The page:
Tibetan Monks Sacred Dance is a special experience, not quite a religious rite and not quite a performance show as five Tibetan monks from the Tashi Lunpo Monastery in South India exiled from Tibet give a taster of their ceremonies, prayer, chanting and sacred dance.
This fascinating experience certainly made this reviewer want to learn more about their branch of Buddhism.
The audience, a full house, are rapt as the closely shaven-headed monks in their maroon robes topped with orange wraps chant, long horns blew their low note, cymbals clashed and bells rung. It is a hugely thrilling, atonal sound, to westerners strange and exotic.
We are unsure whether to applaud, or remain in respectful silence until a female presenter arrives and encourages us to clap if we want to. Later she says to think of it as like going to a concert to hear Verdi or Fauré's Requiems, originally religious works, but performed in a secular surrounding. What we hear are only extracts. One section, the Kunrik (All Knowing) which takes five minutes or so, in reality the monks would chant, performing the 'mudras' (symbolical hand gestures) for five hours.
Luckily, the presenter explains the significance of each of the prayer sections and sacred dances that follow. Wearing an array of colourful costumes of satin-like material, multi-coloured and patterned, the monks shake beribboned sticks. The dance steps are usually slow hop steps, frequent turns with a swaying movement and hypnotic rhythm. But the most eye-catching and extraordinary feature is of course, the masks. The Sha-Ma, Deer and Buffalo Dance features full head masks, the buffalo black with bright orange eyes, the deer brown with lurid green eyes and both with horns wound round with threads. The Buffalo nods sagely whilst the Deer lowers his head coyly to one side. The most dramatic and ghoulish are the Dur Dak (Lords of the Cemetery) wearing enormous skulls with colourful fans in place of ears, grinning jaws crammed with teeth, their finger-bones and toes like claws.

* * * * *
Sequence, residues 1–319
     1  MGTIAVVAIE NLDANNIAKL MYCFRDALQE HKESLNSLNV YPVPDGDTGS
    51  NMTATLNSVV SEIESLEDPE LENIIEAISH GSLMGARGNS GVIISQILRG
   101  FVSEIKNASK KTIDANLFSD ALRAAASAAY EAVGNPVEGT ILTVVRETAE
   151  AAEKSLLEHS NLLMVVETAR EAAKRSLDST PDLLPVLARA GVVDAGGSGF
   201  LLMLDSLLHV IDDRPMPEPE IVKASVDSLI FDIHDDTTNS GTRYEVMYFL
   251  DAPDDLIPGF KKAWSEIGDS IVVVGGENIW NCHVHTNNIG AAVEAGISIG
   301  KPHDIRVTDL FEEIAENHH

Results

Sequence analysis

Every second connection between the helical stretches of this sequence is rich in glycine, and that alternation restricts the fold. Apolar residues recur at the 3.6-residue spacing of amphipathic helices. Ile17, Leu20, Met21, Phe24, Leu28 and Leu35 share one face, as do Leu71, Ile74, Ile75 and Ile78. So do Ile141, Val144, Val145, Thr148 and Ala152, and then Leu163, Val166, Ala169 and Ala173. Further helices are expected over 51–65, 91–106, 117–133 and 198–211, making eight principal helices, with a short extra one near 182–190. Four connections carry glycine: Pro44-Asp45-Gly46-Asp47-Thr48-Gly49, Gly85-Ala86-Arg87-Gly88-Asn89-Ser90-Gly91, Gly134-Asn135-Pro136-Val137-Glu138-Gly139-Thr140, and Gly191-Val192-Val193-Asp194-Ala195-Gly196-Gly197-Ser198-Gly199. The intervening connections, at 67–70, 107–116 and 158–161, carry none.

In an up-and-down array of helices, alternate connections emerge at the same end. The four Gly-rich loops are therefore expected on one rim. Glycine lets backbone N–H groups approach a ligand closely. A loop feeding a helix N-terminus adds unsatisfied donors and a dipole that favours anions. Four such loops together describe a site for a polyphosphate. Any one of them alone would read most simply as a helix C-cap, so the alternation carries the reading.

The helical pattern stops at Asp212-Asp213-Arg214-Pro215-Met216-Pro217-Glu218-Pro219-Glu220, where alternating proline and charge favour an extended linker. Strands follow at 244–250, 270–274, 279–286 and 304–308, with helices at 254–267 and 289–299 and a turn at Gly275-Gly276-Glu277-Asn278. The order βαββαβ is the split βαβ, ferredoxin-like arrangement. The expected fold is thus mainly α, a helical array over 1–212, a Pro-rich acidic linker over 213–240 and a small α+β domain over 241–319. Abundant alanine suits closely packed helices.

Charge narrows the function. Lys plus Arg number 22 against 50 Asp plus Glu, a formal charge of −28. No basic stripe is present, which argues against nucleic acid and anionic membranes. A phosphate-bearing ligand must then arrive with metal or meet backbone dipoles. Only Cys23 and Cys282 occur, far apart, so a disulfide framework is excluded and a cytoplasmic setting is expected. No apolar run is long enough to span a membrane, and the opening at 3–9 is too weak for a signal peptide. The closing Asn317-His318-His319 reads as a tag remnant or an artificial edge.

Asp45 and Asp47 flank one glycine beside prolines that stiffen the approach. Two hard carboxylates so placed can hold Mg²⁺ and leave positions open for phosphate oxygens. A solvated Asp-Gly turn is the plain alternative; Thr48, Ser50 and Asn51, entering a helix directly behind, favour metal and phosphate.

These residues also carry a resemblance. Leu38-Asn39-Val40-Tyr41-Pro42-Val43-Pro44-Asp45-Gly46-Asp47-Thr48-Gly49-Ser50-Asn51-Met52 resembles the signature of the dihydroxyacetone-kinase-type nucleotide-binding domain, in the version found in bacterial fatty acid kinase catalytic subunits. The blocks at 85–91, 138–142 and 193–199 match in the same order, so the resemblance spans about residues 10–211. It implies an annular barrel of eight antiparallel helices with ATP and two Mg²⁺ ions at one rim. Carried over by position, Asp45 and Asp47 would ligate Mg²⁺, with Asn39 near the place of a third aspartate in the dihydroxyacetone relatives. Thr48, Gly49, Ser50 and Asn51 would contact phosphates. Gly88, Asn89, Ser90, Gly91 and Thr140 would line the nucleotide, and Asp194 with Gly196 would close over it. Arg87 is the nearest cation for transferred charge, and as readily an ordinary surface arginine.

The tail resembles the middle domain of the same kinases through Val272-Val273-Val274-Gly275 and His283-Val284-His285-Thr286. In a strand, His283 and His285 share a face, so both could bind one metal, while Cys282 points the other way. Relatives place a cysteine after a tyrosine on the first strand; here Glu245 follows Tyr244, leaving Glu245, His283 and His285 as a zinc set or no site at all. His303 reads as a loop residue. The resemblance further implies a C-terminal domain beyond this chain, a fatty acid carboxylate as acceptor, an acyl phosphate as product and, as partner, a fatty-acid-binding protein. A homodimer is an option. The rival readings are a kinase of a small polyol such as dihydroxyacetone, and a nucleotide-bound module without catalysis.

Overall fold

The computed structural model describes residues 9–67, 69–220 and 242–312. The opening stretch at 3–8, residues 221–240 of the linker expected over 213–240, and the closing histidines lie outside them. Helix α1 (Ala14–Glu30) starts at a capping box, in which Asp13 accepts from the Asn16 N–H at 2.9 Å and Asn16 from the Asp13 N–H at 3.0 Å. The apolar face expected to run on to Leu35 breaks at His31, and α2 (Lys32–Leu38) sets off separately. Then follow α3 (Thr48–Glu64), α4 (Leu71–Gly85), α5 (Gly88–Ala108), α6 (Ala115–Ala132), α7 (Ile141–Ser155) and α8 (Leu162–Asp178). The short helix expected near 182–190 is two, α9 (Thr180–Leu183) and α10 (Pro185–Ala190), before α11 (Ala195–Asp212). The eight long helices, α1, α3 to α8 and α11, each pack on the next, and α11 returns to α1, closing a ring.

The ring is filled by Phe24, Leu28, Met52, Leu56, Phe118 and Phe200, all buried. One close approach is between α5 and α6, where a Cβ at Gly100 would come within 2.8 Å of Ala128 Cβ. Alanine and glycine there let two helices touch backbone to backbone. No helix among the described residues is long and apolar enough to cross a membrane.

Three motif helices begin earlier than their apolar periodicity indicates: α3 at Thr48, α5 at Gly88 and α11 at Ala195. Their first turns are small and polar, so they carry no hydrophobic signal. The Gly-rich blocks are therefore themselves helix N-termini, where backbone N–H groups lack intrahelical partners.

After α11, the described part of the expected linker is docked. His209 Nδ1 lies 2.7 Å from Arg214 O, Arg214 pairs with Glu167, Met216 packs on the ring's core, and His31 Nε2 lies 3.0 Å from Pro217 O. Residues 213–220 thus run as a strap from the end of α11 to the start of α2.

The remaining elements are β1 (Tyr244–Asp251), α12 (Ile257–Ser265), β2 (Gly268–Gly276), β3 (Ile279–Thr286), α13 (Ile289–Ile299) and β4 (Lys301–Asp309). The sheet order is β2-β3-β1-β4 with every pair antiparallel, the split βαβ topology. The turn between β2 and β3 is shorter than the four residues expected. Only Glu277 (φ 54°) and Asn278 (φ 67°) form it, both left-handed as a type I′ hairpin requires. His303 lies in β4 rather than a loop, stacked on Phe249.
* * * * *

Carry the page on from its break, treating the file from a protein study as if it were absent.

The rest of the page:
We catch a glimpse of Buddhist philosophy in the Choed (Cutting) a chant to overcome self-cherishing and grasping of ignorance, the monks imagine cutting off parts of the body and feeding them to meat-eating demons and ghosts. Trumpets made from human leg bones are blown, emitting a painful cry. The demonstration of a Taksel ( Debate) – a different topic every day – appears passionate but the monks must not feel so and it ends in humour. This fascinating experience certainly made this reviewer want to learn more about their branch of Buddhism.
If you too, want to learn more, there are also workshops where people are invited to watch the monks create a Peace Mandala – a prayer pattern from coloured sand – and create for yourself prayer flag printing and butter sculpture. Learn some Tibetan language or make a dukar wheel.